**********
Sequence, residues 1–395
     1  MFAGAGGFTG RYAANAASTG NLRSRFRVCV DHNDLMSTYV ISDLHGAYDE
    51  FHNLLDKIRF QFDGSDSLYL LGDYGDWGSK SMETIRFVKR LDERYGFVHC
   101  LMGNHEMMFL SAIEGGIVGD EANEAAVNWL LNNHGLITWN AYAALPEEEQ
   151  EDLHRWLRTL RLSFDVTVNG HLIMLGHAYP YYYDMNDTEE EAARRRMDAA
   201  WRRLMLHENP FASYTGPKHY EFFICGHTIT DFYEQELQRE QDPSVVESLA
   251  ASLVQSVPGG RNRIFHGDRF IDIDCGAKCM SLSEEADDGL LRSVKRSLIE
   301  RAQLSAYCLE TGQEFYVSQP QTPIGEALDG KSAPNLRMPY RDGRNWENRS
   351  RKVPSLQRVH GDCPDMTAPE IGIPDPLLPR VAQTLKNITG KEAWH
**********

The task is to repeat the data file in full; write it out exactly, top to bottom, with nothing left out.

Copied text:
Sequence, residues 1–395
     1  MFAGAGGFTG RYAANAASTG NLRSRFRVCV DHNDLMSTYV ISDLHGAYDE
    51  FHNLLDKIRF QFDGSDSLYL LGDYGDWGSK SMETIRFVKR LDERYGFVHC
   101  LMGNHEMMFL SAIEGGIVGD EANEAAVNWL LNNHGLITWN AYAALPEEEQ
   151  EDLHRWLRTL RLSFDVTVNG HLIMLGHAYP YYYDMNDTEE EAARRRMDAA
   201  WRRLMLHENP FASYTGPKHY EFFICGHTIT DFYEQELQRE QDPSVVESLA
   251  ASLVQSVPGG RNRIFHGDRF IDIDCGAKCM SLSEEADDGL LRSVKRSLIE
   301  RAQLSAYCLE TGQEFYVSQP QTPIGEALDG KSAPNLRMPY RDGRNWENRS
   351  RKVPSLQRVH GDCPDMTAPE IGIPDPLLPR VAQTLKNITG KEAWH